Can Steve Johnson do it on his own?
No matter how high you jump on the field, it's hard to make a name for yourself as a top fantasy football wide receiver, especially when your name doesn't exactly leap off the page.
In some cases, like with guys named Steve Smith or Mike Williams and their doppelgangers, the reasons for an identity crisis are clearly understandable. However, when it comes to wide receivers named Johnson, it's even harder to separate yourself from the crowd. Give it a try how many can you name?
There are All-Pro talents Andre and Calvin, along with relative newcomers Jaymar, Manuel and Ronald. Many people would probably come up with Bryant, Keyshawn and even some guy named Chad -- who changed his last name into a number in order to stand out -- before coming up with Steve Johnson, who has the misfortune of playing in oft-forgotten Buffalo.
Steve Johnson certainly made an Ochocinco-like effort getting attention in 2010, his first full season as a starter. In a November game against the Cincinnati Bengals, Johnson caught three touchdown passes in a 49-31 slugfest win but ended up making more news for exposing a T-shirt reading, "Why so serious?" He was subsequently fined $5,000 for the post-score celebration.
The very next week (Week 12), Johnson received even more headlines, this time after dropping a catchable ball in the end zone during overtime against the Pittsburgh Steelers. Johnson took to Twitter and a firestorm of controversy arose from what appeared to be his passing of the buck to the Almighty for the drop (his fifth drop of the game).
Yet, as the season came to a close, in terms of fantasy value, most people still were not looking Johnson's way, even as he posted impressive stats: 82 catches for 1,073 yards (11th in the NFL) and 10 touchdowns for the season. That put him 10th among wide receivers in ESPN standard scoring for the year, well ahead of players like Larry Fitzgerald, Marques Colston and Wes Welker.
Yet as the 2011 season approaches, his average draft position (ADP) clearly indicates that people either have already forgotten Johnson's name or they simply don't believe he's the real deal.
The argument against Johnson seems to be that his success was largely the result of the attention being given to teammate Lee Evans by opposing defenses. Evans was traded to the Baltimore Ravens once the lockout ended, making Johnson the No. 1 receiver in Buffalo.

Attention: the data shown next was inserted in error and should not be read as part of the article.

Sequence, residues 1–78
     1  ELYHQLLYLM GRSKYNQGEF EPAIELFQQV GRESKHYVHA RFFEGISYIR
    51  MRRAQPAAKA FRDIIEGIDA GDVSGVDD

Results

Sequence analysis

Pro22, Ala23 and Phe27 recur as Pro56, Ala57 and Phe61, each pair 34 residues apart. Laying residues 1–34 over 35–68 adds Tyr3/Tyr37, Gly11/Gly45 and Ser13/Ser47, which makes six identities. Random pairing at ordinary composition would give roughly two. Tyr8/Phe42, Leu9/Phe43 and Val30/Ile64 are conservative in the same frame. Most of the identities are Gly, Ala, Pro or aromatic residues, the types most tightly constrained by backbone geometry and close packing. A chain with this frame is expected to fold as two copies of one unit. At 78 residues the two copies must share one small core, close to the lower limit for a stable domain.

Presumably, with the spotlight now squarely on Johnson, the belief is that he won't be able to handle the pressure and his numbers will suffer. But this is not the first time Johnson has gone it alone. Evans hurt his ankle in Week 14 and missed the rest of the season. Over that four-game stretch, Johnson was incredibly consistent: 5 catches for 42 yards, 6-for-69, 5-for-58 and 5-for-72.
As the No. 1 option for QB Ryan Fitzpatrick, Johnson was one of only 10 wide receivers to have at least 20 catches and 240 yards receiving over the final month of the season. Considering the Bills lost the last two games by a combined score of 72-10, that's all the more impressive. It's not as if he simply padded his stats with tons of meaningless fourth-quarter "catch-up" stats and garbage-time scores. He did it against motivated, playoff-bound defenses.
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Speaking of Fitzpatrick, it's not like he's the worst quarterback in the world. He did throw for 3,000 yards and 23 touchdowns in 13 games last season, and nobody was on his radar screen more than Steve Johnson, who was targeted 142 times in 2010, seventh-most in the league. That's more than such big names as Andre Johnson (138), Calvin Johnson (137) and even old No. 85 (126) had.
Lee Evans, on the other hand, had just 83 targets, catching only 37 passes on the year. Now, an argument can be made that Evans' meager catch total had more to do with Evans' declining skills rather than opposing defenses. After all, the Bills got merely a fourth-round draft pick in return when they shipped Evans away, not exactly No. 1-receiver compensation. I'd argue that Johnson, at least in the eyes of head coach Chan Gailey, already had grabbed that distinction.
Having said all that, there's no way Steve Johnson will be able to post top-10 receiving numbers again in 2011 if he's the only decent Bills wide receiver on the field. And as it stands right now, the receiver pickings are more than slim for the Bills: Donald Jones, the other projected starter, has a head injury and might not be able to get back into action in time for Week 1. Roscoe Parrish has yet to play in a preseason game because of a hamstring injury. Naaman Roosevelt is expected to miss the rest of the preseason because of an ankle injury. Craig "Buster" Davis only recently returned to the practice field after being out because of an undisclosed injury. And David Nelson saw his first action in quite some time on Wednesday.
Things got so bad that the Bills signed Ruvell Martin, who has bounced around the league for five seasons, most recently playing in Seattle. He could very well end up as the Week 1 starter alongside Johnson, which could free up Johnson a little. Martin is a solid route runner, and while he's not likely to attract double coverage, any attention he'll get would help open up the field for Johnson.
In the end, perhaps it's best for us owners that nobody believes in Steve Johnson. That kind of thought is contagious, and if opposing defenses start thinking the same way, then they won't bother to put too much stress into the game plan to key on him. And if teams aren't going to treat games against the Buffalo Bills "so serious," then another 80-catch, 1,000-yard season for Johnson is likely.
That's Steve Johnson. S-T-E-V-E. Remember the name.
Follow AJ Mass on Twitter: @AJMass
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